• Contractors will be permitted to “determine the appropriate means of enforcement with respect to” employees who refuse the vaccine. For example, before terminating unvaccinated employees, contractors may first go through their “usual processes for enforcement of workplace policies, such as those addressed in the contractor’s employee handbook or collective bargaining agreements” to encourage vaccination.

    • Contractors are not required to make a final determination on medical or religious accommodations for their employees before unvaccinated employees start work on a covered contract or at a covered workplace. Indeed, a “covered contractor may still be reviewing requests for accommodation as of the time that covered contractor employees begin work on a covered contract or at a covered workplace.”

  • Coverage for Affiliates: New Q&As address certain circumstances where “covered contractor employees” are likely to be present at workplaces controlled by corporate affiliates that do not have a covered contract or where employees of corporate affiliates are working on or in connection with a “covered contract.”

    • Under the new Q&As, for purposes of the Task Force Guidance, “business concerns, organizations, or individuals are affiliates of each other if, directly or indirectly: (i) either one controls or has the power to control the other; or (ii) a third party controls or has the power to control both.”

    • The Q&As now state that if a corporate affiliate of a covered contractor does not otherwise qualify as a covered contractor, the employees of that affiliate are still considered covered contractor employees subject to the Guidance if they perform work at a covered contractor workplace.

    • A “workplace is considered a covered contractor workplace” if “any employee of a covered contractor working on or in connection with a covered contract is likely to be present during the period of performance for a covered contract at a workplace controlled by a corporate affiliate of that covered contractor.”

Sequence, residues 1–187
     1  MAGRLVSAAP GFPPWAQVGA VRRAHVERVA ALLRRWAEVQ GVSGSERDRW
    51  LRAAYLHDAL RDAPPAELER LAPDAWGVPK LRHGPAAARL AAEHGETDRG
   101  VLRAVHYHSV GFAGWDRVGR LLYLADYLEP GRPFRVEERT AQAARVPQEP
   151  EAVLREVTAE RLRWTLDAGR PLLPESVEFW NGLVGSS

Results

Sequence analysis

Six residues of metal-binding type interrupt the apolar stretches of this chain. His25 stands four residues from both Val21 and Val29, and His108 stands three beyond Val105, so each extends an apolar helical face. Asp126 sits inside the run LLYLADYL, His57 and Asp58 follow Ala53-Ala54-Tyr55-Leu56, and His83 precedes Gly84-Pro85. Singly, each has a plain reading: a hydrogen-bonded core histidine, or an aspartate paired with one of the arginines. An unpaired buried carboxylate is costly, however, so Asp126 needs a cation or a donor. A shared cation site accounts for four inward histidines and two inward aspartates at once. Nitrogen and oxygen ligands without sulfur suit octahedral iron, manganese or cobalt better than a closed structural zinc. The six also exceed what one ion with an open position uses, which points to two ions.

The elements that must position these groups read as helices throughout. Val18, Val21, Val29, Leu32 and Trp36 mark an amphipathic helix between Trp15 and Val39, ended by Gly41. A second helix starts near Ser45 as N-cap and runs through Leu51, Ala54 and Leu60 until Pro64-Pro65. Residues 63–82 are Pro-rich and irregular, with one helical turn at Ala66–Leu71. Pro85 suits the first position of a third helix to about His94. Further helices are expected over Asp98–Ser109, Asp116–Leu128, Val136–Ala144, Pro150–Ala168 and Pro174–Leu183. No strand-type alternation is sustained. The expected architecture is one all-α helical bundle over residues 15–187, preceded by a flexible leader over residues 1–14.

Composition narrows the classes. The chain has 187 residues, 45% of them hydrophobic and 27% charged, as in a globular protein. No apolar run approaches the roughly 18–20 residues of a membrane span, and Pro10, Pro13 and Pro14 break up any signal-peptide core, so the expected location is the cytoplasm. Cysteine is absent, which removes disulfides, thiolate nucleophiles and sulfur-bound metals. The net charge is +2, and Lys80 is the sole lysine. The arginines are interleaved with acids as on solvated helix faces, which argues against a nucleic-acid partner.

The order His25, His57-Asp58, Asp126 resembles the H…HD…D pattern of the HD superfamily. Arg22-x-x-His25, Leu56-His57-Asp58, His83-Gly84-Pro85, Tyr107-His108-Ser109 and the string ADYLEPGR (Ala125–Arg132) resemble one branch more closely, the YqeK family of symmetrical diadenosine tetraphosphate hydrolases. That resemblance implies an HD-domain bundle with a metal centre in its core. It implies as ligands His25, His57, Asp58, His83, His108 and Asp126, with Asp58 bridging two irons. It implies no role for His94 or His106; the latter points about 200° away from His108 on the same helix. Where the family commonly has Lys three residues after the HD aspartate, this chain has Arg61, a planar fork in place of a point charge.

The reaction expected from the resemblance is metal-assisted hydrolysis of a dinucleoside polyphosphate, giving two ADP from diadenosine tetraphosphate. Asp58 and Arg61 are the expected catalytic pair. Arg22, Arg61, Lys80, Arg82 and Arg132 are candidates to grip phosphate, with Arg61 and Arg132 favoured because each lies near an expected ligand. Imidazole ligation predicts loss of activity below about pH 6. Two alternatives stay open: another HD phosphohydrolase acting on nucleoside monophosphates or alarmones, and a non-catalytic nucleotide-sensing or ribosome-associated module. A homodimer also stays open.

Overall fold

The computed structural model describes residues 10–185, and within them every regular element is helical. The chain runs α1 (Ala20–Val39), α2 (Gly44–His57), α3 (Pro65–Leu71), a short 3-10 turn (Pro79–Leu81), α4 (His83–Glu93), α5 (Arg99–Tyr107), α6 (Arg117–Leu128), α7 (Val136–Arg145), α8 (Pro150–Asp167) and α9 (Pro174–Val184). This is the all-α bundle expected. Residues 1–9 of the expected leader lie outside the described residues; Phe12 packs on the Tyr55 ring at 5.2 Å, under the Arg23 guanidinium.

• Subcontractor Flowdown: The original Q&A included with the Task Force Guidance indicated that a prime contractor’s responsibility for “verifying that subcontractors are adhering to the mandate” was centered on “ensuring that the required clause is incorporated into its first-tier subcontracts….” A new Q&A on the Task Force website returns to this issue even more directly: “Q: May the prime contractor assume the subcontractor is complying with the clause? A: Yes, unless the prime contractor has credible evidence otherwise.” While seemingly a reduction in the prime contractor’s oversight burden, this answer actually creates a host of potential issues: is this effectively a “don’t ask; don’t tell” policy; what is “credible evidence” (a somewhat unique term used primarily in the FAR mandatory disclosure rule) in this context; and what is a contractor required to do if it does have “credible evidence” a subcontractor is not complying?

These updates reflect an ever-evolving, complex compliance framework for federal contractors. The Q&As are being updated frequently to reflect material changes, but the Task Force Guidance has itself yet to be updated as a whole. With January 4 as the new target date, contractors will need to reevaluate their implementation plans and compliance policies. Jenner & Block continues to follow closely these developments and to assist our clients in applying the requirements to their unique situations.